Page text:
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Polin: Studies in Polish Jewry Volume 13Focusing on the Holocaust and its Aftermath$
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Antony Polonsky and Antony Polonsky

Print publication date: 2000

Print ISBN-13: 9781874774600

Published to Liverpool Scholarship Online: February 2021

DOI: 10.3828/liverpool/9781874774600.001.0001

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Whose Nation, Whose State? Working-Class Nationalism and Antisemitism in Poland, 1945‒1947

Whose Nation, Whose State? Working-Class Nationalism and Antisemitism in Poland, 1945‒1947

Chapter:
(p.224) Whose Nation, Whose State? Working-Class Nationalism and Antisemitism in Poland, 1945‒1947
Source:
Polin: Studies in Polish Jewry Volume 13
Author(s):

Padraic Kenney

Publisher:
Liverpool University Press
DOI:10.3828/liverpool/9781874774600.003.0017

This chapter studies working-class nationalism and antisemitism in post-war Poland. It argues that in early post-war Poland, citizen–state relations expressed themselves in part through national identity. In this context, antisemitism took on new meaning in Poland because it became not only an expression of fears about national identity and cultural vulnerability, but also a means of defining the state and citizenship. Thus, national identity paradoxically sharpened as Poland approached homo-ethnicity. Before and during the war, Polish workers had expressed a strong national consciousness, and post-war reconstruction invoked national themes. The professed class nature of the new state, however, and the practical concerns of the workers eventually made allegiance to the state a central issue. That allegiance was potentially based not just upon prosperity or nationalism, but upon agreement with certain programmes and policies of the communist regime.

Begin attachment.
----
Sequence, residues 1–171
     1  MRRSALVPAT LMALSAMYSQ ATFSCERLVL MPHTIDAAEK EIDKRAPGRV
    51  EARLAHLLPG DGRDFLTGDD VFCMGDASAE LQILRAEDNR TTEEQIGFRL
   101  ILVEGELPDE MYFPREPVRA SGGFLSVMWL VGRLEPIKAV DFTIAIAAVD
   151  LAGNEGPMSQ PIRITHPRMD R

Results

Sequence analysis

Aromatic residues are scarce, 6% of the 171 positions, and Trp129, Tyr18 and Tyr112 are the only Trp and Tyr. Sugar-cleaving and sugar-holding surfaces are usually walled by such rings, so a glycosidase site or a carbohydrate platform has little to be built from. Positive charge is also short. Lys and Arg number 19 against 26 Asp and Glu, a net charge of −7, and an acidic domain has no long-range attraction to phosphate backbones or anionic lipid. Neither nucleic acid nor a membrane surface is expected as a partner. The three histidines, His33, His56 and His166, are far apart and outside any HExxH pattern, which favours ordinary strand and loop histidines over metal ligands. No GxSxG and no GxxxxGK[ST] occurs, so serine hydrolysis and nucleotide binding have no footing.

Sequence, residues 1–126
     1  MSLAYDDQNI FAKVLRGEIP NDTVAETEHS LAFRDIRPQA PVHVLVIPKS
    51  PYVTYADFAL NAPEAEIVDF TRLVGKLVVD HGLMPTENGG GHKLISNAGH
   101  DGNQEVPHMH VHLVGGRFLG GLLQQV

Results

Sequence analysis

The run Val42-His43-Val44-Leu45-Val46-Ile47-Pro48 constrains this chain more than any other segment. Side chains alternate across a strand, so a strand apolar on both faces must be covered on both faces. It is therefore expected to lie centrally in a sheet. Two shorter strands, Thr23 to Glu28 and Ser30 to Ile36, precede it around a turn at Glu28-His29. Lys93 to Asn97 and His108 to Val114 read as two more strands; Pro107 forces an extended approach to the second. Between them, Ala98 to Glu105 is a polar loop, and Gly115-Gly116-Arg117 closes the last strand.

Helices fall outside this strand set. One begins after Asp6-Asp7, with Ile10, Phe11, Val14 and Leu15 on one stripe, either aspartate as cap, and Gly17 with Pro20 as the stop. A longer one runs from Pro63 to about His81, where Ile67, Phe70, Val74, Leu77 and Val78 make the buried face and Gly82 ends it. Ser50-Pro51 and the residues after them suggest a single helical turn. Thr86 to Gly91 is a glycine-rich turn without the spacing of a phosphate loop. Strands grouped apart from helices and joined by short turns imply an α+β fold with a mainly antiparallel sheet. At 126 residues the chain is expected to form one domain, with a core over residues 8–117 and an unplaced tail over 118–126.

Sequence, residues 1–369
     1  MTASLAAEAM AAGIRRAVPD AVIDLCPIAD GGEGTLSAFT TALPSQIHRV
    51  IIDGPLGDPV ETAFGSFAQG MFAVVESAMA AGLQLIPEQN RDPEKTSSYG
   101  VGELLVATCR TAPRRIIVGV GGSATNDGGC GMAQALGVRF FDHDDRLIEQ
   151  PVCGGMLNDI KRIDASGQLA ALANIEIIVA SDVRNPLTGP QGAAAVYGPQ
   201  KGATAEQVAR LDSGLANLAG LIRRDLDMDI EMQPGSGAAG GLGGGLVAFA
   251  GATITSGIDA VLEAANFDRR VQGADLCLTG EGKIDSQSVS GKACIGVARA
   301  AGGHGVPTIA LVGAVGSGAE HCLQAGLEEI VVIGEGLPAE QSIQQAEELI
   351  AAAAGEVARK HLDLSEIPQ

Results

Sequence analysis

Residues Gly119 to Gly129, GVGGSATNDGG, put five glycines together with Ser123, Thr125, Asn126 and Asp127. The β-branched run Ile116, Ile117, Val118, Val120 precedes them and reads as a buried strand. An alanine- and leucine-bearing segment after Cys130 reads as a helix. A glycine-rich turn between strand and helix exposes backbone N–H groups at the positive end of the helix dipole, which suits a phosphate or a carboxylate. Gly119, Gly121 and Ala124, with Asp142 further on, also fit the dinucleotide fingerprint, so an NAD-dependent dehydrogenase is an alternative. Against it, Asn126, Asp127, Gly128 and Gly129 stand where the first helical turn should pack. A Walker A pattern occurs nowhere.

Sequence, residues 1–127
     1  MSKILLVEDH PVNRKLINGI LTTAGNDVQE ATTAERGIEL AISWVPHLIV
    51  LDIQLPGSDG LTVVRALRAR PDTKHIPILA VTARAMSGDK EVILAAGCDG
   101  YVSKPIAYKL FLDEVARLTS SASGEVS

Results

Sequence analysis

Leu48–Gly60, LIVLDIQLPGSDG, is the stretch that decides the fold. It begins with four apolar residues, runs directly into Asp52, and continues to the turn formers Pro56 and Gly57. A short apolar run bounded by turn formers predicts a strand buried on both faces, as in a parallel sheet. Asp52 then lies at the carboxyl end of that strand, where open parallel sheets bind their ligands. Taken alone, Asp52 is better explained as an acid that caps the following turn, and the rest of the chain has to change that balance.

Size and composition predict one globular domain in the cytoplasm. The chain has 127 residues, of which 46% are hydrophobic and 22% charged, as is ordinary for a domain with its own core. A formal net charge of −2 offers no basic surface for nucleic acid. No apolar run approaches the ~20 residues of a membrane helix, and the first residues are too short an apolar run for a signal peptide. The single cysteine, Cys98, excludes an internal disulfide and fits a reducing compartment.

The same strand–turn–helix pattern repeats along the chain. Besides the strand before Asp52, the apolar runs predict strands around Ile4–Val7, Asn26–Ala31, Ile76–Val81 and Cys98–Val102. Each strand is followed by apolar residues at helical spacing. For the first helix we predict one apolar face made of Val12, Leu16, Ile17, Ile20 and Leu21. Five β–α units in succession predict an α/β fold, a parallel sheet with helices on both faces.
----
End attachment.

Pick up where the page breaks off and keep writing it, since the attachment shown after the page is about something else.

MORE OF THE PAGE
Keywords:   working-class nationalism, antisemitism, post-war Poland, citizen–state relations, national identity, Polish workers, national consciousness, post-war reconstruction, state allegiance, communist regime

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